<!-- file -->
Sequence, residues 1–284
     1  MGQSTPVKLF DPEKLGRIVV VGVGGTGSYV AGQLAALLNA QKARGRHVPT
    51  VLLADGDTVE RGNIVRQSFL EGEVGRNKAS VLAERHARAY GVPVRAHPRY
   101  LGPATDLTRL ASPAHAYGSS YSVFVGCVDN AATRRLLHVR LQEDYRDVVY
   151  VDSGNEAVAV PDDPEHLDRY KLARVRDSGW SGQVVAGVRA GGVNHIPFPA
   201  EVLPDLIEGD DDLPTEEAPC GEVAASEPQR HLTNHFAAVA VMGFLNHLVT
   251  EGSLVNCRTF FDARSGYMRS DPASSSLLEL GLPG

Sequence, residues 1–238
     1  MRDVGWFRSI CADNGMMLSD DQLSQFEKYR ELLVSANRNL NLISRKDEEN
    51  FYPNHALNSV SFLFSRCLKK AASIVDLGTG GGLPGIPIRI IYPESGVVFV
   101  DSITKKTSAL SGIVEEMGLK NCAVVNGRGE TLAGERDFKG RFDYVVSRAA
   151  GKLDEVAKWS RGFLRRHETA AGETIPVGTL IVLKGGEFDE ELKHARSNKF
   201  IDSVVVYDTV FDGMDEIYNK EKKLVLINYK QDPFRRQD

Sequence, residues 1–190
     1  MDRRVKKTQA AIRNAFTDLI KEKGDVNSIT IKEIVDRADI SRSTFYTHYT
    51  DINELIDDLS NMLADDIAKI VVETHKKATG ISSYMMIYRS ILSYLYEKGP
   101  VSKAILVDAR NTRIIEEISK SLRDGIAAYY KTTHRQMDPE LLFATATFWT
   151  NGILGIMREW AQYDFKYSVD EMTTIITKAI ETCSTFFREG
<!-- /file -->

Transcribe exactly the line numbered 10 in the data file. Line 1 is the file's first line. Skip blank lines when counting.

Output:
    51  FYPNHALNSV SFLFSRCLKK AASIVDLGTG GGLPGIPIRI IYPESGVVFV